Accounting & Tax

SEC Charges Ex-Execs of Vision Company

The commission set its sights on the former CFO and CEO of a bankrupt eyewear distributor and retailer.
Dave CookOctober 5, 2005

The Securities and Exchange Commission has settled charges that the former chief financial officer and chief executive officer of Sight Resource Corp. violated of the reporting, record keeping, and internal-controls provisions of the federal securities laws.

In addition to those charges, against former CFO Duane Kimble and former CEO Carene Kunkler, the SEC also alleged that Kimble committed securities fraud.

The Cincinnati-based distributor and retailer of eyewear filed for bankruptcy last year, according to a report in the Cincinnati Business Courier. The company then operated about 120 eye-care stores across the country, employing about 800 people, the newspaper added. In April, the company completed the sale of its assets, reported Dow Jones, and has no remaining operations.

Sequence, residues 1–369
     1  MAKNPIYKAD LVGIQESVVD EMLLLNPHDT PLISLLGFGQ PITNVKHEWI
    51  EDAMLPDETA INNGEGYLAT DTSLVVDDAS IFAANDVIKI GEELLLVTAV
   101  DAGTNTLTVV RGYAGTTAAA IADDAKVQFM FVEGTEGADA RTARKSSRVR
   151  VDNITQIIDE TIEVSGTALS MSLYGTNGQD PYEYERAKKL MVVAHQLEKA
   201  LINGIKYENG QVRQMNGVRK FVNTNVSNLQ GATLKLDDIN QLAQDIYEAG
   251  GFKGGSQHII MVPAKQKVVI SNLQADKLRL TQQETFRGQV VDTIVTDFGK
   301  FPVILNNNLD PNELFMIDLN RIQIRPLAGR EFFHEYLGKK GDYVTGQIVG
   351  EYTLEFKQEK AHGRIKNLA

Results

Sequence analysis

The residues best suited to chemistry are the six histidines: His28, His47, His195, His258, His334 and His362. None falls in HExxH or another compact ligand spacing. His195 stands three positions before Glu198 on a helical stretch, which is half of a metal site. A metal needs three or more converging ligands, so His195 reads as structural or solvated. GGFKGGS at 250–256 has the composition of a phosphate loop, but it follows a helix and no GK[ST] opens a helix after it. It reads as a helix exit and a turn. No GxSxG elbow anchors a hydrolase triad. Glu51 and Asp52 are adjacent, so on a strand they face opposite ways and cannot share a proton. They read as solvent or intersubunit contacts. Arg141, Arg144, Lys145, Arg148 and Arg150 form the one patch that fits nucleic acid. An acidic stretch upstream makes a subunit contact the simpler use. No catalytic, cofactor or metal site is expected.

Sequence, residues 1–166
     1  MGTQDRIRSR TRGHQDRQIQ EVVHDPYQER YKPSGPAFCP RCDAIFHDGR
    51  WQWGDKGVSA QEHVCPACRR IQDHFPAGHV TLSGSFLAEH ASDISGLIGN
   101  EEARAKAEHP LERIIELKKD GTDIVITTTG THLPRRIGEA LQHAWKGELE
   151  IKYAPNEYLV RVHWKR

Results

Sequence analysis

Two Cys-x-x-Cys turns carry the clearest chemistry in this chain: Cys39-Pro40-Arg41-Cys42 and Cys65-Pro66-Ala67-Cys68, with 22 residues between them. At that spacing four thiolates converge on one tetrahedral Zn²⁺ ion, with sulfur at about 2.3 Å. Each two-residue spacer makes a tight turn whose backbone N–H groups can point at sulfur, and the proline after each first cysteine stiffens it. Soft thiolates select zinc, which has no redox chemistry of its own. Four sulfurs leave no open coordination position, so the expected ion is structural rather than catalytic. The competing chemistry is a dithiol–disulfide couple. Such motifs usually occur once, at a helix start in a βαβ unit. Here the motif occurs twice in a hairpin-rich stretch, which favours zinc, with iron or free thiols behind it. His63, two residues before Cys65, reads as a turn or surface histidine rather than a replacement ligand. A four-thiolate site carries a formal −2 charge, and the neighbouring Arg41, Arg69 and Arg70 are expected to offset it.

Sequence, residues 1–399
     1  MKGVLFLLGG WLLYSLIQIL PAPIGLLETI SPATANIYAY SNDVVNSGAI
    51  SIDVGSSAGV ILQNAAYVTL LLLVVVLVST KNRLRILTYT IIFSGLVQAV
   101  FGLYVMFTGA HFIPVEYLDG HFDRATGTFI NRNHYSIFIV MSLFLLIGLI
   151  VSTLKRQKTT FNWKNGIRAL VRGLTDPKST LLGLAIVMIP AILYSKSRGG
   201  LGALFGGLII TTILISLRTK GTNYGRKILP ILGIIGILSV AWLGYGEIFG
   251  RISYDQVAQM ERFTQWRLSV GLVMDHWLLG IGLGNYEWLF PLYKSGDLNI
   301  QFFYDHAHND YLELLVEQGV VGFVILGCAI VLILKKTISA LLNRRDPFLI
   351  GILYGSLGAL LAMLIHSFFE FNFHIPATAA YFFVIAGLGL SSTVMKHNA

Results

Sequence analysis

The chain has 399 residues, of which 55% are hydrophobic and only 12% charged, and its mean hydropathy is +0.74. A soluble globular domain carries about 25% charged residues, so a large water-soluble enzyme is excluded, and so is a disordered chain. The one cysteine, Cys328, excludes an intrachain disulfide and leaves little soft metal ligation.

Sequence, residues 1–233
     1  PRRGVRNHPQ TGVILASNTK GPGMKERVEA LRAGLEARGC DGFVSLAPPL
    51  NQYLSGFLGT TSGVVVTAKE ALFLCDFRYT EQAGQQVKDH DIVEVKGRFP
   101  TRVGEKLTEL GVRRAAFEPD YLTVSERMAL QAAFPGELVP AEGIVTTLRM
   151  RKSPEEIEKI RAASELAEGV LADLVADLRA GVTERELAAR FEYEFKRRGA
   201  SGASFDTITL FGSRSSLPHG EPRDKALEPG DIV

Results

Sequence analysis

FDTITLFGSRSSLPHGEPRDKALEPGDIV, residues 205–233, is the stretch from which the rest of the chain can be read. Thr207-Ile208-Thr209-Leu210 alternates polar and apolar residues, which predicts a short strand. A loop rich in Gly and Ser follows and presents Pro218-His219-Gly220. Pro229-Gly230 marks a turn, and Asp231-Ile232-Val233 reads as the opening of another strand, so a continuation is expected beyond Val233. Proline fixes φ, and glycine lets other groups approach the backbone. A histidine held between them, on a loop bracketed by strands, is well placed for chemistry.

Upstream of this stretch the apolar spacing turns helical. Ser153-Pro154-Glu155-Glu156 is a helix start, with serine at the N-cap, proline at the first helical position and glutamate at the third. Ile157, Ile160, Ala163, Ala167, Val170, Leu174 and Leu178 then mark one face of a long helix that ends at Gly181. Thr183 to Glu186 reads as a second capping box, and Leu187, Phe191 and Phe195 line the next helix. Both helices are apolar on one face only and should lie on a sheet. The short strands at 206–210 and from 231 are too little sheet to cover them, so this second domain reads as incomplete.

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According to the SEC, during the company’s 2002 fiscal year, Kimble made journal entries with inadequate documentation, and directed other accounting personnel to do likewise, improperly improving the appearance of the company’s financial condition. Those entries and other accounting errors also permitted Sight Resource to satisfy loan covenants with its bank on at least two occasions.

The commission’s order also found that company filings reviewed by Kimble and Kunkler — though apparently signed only by Kimble — gave false and misleading explanations of why Sight Resource was unable to file its 2002 annual report on time. In addition, according to the SEC, Kimble and Kunkler failed to establish adequate internal controls at Sight Resource, and they filed false and misleading Sarbanes-Oxley certifications of the company’s disclosure controls.

In the settlement, filed in U.S. District Court for the Southern District of Ohio, Kimble and Kunkler neither admitted nor denied wrongdoing. Both individuals agreed to cease and desist from committing or causing violations of the federal securities laws; they also agreed to monetary penalties to be determined by the court. In addition, Kimble has agreed not to practice as an accountant before the commission for three years, after which he may apply for reinstatement.